Not just a buzzword, wellness is a way of life, providing an opportunity for not only overall health but self-care and self-love, too. Unfortunately, this space hasn’t always been welcoming to women of color. Black women, though, are resilient, often making a way out of no way. The 19 women on this list are no different. They have broken down barriers in this arena, as well as having been intentional about creating new wellness-centered spaces that are not only safe and empowering but that honor and reflect who we are at our core: beautiful. From celebrity trainers to media executives to professional athletes, these are the women using their platforms to not only impact Black women but to revolutionize the way we practice, embrace and lead in the world of wellness. Prepare yourself to be inspired!
Angela Manuel-Davis, 47
The co-founder and chief motivational officer of AARMY, an in-person and online training platform, spent years as a Los Angeles SoulCycle instructor, turning a 45-minute class into a “spiritual experience” popular among A-listers like Beyoncé, Jay-Z and Kerry Washington. Oprah Winfrey booked Manuel-Davis on her “The Life You Want” tour and “20/20 Vision” tour. Known for motivational quips such as “Regardless of how challenging or hard things are, you still have to do the thing you were created to do,” Manuel-Davis uses fitness to transform bodies and minds.
(IG @AngelaManuelDavis; Twitter @ShapeWithAngela)
Amy DuBois Barnett, 52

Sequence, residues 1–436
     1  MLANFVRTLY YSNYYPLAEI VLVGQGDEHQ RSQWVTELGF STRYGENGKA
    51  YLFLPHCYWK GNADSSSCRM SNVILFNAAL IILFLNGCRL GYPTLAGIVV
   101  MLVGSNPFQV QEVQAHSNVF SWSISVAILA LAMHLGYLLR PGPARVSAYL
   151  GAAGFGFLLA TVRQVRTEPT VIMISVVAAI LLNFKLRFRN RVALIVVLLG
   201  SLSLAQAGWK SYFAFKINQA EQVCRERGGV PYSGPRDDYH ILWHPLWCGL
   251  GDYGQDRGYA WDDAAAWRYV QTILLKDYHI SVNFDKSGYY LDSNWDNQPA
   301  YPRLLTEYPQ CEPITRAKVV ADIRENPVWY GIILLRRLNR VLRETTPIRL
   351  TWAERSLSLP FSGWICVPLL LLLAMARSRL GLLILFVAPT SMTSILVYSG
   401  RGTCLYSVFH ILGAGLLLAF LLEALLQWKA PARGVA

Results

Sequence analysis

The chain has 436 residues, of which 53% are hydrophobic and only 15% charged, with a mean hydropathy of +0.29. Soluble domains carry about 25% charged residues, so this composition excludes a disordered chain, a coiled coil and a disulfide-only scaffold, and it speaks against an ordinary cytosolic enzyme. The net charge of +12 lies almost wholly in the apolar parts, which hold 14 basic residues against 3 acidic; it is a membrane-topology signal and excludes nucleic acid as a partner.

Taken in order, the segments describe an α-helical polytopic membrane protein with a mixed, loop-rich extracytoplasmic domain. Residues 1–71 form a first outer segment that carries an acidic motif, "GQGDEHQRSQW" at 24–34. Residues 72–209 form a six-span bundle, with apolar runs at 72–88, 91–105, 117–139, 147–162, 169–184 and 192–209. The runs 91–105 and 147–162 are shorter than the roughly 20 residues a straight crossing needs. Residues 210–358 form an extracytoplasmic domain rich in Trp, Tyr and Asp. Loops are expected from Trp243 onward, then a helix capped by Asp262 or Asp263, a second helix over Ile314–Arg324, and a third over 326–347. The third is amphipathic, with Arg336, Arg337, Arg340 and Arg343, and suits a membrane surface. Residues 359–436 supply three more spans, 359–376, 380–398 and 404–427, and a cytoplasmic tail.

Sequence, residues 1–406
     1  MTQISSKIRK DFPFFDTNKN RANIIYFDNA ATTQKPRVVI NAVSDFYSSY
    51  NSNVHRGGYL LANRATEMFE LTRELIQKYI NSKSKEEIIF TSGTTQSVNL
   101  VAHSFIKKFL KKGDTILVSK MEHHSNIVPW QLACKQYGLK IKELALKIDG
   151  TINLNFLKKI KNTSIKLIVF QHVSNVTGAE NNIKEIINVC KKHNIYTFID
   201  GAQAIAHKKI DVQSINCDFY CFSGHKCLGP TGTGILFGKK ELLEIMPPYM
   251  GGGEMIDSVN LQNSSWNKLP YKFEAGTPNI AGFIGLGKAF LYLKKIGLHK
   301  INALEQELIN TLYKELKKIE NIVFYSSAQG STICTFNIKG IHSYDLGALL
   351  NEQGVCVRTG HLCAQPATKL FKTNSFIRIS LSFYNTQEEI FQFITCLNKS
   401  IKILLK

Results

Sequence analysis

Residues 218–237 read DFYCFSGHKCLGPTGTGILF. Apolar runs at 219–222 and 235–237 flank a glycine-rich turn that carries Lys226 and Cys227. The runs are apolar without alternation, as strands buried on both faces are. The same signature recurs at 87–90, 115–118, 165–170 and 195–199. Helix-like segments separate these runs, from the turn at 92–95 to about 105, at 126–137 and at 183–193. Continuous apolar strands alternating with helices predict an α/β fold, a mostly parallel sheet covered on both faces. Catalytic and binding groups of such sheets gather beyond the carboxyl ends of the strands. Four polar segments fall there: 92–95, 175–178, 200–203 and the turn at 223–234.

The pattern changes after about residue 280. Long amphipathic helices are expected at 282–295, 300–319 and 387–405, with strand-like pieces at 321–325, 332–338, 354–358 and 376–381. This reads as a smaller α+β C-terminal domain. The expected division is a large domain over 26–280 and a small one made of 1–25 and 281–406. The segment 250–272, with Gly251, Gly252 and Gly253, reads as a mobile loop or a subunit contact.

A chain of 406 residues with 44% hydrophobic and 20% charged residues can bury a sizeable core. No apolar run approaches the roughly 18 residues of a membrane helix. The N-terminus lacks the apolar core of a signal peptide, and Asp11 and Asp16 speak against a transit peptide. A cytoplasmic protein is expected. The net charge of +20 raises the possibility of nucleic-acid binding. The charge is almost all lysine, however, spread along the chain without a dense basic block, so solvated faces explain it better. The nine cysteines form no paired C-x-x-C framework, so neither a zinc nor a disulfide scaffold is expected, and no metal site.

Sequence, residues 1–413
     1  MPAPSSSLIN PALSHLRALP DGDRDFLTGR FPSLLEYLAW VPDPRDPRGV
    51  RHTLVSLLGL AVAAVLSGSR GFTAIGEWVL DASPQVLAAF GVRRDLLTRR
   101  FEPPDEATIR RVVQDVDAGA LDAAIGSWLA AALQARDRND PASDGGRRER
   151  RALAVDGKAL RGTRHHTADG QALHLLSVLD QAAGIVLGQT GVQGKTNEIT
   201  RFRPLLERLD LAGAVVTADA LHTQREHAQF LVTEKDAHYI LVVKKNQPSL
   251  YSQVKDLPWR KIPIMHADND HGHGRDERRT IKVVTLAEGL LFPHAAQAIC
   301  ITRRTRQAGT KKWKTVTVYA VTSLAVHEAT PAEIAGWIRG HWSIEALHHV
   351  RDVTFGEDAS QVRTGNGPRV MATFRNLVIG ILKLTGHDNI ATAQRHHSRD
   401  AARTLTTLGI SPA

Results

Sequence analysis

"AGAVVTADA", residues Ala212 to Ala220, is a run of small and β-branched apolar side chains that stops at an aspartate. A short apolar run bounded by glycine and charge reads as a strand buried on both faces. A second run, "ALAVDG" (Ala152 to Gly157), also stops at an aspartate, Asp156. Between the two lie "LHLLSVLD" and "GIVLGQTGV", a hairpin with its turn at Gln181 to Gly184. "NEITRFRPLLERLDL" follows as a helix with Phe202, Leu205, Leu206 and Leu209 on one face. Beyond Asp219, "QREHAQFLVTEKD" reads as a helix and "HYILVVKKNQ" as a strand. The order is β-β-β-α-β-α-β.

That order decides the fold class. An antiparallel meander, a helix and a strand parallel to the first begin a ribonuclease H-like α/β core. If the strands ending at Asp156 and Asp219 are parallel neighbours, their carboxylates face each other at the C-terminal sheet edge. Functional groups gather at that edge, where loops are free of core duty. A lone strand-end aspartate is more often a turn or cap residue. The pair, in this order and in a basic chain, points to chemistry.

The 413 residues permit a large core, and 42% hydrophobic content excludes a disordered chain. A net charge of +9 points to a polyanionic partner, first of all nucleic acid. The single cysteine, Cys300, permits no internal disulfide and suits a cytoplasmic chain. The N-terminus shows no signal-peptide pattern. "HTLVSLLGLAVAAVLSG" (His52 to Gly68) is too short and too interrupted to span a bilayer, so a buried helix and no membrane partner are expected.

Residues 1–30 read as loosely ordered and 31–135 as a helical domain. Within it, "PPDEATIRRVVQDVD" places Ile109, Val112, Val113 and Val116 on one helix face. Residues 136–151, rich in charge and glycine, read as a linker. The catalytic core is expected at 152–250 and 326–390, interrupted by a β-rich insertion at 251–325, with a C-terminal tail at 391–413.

Barnett is a top media executive who recently landed a gig as the first chief content officer of Outside Interactive, Inc. Translation: The outdoors enthusiast — she has trekked the Andes, kayaked to a glacier in Iceland and visited 34 national parks — will oversee editorial operations for all the company’s 30-plus titles, opening the great outdoors to a broader scope of people. In her words: “I hope to build an international community … for athletes, passionate outdoor adventurers and all people who are interested in living an active and healthy lifestyle.”
(IG @AmyDuboisBarnett; Twitter @AmyDBarnett)
Nicole Ari Parker, 51
According to JAMA Dermatology, nearly 40 percent of Black women avoid working out because of their hair. Parker was one of them and wanted to change that. “I was trying to solve a very personal problem, as a Black woman who invests so much in her hair,” she was once quoted as saying. Enter Gymwrap, the And Just Like That … actress’s sweat-wicking headband, which helps keep hair dry and intact during your sweat sessions. Work out and keep your hair looking fly? Yes, please!
(IG @NicoleAriParker; Twitter @NicoleAriP)
Halle Berry, 55
Berry’s chiseled frame in Bruised, her directorial debut, is proof she’s into fitness. In fact, the Oscar-winning actress, who was diagnosed with diabetes at 22, has become something of a wellness guru, sharing training tips alongside her long-time trainer Peter Lee Thomas, as well has her overall fitness philosophy, via her Instagram page. She even launched a digital health and wellness company, rē•spin, in 2020 out of a “desire to connect with others through health, wellness, and spirituality,” the brand’s website says.